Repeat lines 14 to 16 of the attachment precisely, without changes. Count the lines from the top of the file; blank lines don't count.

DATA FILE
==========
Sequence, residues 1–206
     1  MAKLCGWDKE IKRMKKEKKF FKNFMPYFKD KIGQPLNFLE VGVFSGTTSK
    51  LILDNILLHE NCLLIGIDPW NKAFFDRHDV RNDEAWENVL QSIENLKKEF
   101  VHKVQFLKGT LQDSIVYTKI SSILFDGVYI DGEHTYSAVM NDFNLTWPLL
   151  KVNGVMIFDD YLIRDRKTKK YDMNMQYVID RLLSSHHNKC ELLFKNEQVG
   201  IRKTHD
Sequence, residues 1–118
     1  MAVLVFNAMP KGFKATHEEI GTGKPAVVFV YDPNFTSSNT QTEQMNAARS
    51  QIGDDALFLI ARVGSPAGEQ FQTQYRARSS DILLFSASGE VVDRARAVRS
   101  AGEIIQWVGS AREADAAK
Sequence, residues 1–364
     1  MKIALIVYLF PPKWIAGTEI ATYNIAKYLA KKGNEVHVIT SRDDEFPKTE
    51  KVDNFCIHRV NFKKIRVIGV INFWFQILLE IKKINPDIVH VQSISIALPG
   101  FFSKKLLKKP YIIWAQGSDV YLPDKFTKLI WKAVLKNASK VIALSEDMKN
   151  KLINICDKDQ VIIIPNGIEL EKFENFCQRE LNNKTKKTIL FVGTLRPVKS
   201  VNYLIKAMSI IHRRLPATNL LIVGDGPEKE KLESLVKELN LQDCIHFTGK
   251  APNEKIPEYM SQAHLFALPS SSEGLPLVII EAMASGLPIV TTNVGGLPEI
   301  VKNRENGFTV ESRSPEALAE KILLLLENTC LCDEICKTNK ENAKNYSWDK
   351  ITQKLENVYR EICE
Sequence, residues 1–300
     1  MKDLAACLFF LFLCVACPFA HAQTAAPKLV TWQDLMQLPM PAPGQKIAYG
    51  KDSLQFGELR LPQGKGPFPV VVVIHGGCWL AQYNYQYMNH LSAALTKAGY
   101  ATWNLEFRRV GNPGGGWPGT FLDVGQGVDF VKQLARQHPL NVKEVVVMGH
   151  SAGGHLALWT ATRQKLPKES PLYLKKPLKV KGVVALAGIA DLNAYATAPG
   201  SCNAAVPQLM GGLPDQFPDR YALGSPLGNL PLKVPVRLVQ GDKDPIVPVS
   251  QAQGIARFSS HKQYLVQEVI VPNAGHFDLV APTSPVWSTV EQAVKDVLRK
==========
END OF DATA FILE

   101  FFSKKLLKKP YIIWAQGSDV YLPDKFTKLI WKAVLKNASK VIALSEDMKN
   151  KLINICDKDQ VIIIPNGIEL EKFENFCQRE LNNKTKKTIL FVGTLRPVKS
   201  VNYLIKAMSI IHRRLPATNL LIVGDGPEKE KLESLVKELN LQDCIHFTGK